Now, start to play. If you are totally unlimited by method and practicality, what sort of magical things would happen?
Think of the journey in hundreds of small steps instead of one giant leap. Break things down to a few small, attainable goals. A sketch, a list of materials, or a trip to the hardware store can take the idea out of your head and set it before you in a form you can play with, molding it into your vision. Start with shopping for materials. Get everything in front of you where you can play with it. Don’t worry about beauty, just get a working model. Most everything I do started with hot glue and duct tape.
Expect to make lots of small alterations to your original concept. A small prototype made of cardboard and glue, or gimmick fashioned from wire makes changes easier to implement. You want a three-dimensional model that you can play with, enhancing further visualization. Simple prototypes may not be pretty, but you shouldn’t waste time on unnecessary minutiae such as precise measurements and perfect appearance. Quite often, you may have to cannibalize an existing prop, tearing it apart to make a new one. We often feel an unreasonable reverence for props and are reluctant to desecrate them. But creation often comes from destruction. By destroying older ideas and props, we make space for brand new ones.
I find it helpful to have a deadline. I can procrastinate forever, but as soon as an obligation is breathing down my neck, I find the energy to get things done. It shouldn’t be a deadline that you can’t meet. Instead of an audition for a Vegas showroom in a month, try a five-minute spot at a coffee house, a party, a church, or office party. Do it as many times as you can, with or without money. Experience is the key. I can an show you how to swim, the basic techniques of moving your arms and legs, but until you jump in, you’ll never be a swimmer. If you practice in the shallow end of the pool, you’ll gain confidence and eventually move to the deep end, then a lake, and next, the ocean.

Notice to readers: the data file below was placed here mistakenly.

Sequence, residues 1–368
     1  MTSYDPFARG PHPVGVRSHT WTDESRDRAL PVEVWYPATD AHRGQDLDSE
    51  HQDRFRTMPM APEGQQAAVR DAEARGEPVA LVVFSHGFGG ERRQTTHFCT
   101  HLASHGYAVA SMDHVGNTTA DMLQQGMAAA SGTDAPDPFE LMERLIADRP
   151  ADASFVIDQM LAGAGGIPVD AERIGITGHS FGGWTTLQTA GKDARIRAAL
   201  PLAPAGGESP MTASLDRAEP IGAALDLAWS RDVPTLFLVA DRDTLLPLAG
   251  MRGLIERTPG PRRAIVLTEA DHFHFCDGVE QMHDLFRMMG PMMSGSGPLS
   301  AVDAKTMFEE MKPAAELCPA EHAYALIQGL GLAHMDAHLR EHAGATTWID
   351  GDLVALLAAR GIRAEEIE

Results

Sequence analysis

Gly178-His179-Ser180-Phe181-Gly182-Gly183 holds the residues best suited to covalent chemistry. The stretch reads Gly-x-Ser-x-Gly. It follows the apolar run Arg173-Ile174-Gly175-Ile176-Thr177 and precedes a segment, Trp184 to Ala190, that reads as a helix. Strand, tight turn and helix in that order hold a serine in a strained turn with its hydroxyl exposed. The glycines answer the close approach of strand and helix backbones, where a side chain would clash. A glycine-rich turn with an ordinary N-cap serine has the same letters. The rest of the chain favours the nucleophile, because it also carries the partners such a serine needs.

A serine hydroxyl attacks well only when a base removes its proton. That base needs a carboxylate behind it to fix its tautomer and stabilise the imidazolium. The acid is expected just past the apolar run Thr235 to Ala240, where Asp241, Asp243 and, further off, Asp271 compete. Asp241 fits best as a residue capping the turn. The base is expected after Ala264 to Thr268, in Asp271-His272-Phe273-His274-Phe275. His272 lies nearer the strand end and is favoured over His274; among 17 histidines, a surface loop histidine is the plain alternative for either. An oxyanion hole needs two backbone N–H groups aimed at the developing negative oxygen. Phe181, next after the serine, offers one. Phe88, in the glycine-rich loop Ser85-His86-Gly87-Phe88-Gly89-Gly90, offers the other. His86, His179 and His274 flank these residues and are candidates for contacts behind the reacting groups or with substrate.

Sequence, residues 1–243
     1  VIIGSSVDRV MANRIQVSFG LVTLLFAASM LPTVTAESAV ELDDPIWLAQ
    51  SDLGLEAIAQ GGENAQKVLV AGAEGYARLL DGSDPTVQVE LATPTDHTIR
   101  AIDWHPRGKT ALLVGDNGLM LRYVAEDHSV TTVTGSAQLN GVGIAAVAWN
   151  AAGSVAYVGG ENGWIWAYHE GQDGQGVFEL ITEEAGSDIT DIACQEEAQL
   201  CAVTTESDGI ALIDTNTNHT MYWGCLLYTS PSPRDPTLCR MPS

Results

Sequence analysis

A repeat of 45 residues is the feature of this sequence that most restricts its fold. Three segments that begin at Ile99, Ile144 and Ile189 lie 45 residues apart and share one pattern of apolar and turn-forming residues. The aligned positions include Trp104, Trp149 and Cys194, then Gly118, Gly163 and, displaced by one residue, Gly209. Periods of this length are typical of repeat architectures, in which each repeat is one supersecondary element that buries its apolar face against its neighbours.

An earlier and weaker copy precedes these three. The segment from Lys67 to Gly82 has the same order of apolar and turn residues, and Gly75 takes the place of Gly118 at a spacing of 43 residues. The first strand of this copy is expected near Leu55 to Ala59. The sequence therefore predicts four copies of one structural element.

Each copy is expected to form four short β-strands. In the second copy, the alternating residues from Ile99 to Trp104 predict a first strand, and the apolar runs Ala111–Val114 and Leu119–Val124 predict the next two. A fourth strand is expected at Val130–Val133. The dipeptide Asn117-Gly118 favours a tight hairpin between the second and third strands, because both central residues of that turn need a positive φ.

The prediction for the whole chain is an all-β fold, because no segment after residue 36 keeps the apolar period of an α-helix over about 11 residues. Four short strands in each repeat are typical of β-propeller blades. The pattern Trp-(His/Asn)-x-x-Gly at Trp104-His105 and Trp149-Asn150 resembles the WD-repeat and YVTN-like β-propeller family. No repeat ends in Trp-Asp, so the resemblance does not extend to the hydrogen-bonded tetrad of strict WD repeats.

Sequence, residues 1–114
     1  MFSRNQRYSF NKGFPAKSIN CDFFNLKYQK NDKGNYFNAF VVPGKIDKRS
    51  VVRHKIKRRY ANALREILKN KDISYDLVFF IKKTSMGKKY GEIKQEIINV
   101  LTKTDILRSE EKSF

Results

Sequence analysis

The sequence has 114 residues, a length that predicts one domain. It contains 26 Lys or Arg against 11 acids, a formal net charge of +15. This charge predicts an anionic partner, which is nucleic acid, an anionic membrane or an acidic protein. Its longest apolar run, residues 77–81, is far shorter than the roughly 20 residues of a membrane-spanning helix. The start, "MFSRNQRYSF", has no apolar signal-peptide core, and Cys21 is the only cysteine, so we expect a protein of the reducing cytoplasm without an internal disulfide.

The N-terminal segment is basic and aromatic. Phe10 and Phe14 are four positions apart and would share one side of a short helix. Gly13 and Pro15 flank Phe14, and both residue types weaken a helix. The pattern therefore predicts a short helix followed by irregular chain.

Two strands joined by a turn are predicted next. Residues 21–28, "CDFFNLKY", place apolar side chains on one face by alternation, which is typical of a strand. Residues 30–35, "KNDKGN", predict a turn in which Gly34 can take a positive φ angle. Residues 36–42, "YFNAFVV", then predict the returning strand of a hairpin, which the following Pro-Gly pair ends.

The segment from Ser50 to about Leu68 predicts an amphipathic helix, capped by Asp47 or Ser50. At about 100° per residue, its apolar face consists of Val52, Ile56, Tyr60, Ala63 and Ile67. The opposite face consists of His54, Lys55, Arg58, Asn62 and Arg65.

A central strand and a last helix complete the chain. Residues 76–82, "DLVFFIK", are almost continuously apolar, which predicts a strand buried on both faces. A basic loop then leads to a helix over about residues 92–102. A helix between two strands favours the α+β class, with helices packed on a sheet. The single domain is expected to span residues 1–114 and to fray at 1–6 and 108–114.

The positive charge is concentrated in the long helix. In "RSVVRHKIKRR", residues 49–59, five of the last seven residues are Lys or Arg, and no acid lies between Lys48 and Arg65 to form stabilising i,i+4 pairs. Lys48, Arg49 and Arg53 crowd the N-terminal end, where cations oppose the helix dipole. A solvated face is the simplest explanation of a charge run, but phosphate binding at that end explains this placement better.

Now, are you performing as yourself, or as a character? If you wish to perform as a character, you must realize that funny voice does not a character make. A compelling, interesting character has a world view influencing everything he does on stage, from the choice of material, to the attitudes and behavior you will exhibit. This will result in distinguishable traits that your audience will latch onto in an attempt to understand you and your motivations. You may wish to draw up a history for your character, including where he was born, how he was raised along with some interesting events in his life. You may not use these facts in your act, but they will serve as subtext to subtly influence the entire character and make your acting “choices” more motivated.
When are you finished? Never! No matter how many years you may perform the routine, there will still occasionally be something that will take you by surprise. With these things noted and performance provision made, your act will improve. There is no short cut. Throughout, remember that the end goal is fun: the fun you will have developing your own ideas, as well as the fun your audiences will have when they see smart, thoughtful magic.
What are you waiting for? Get started!
Copyright 2002, John Carney and Carneymagic.
No part may be reproduced without expressed permission from the author.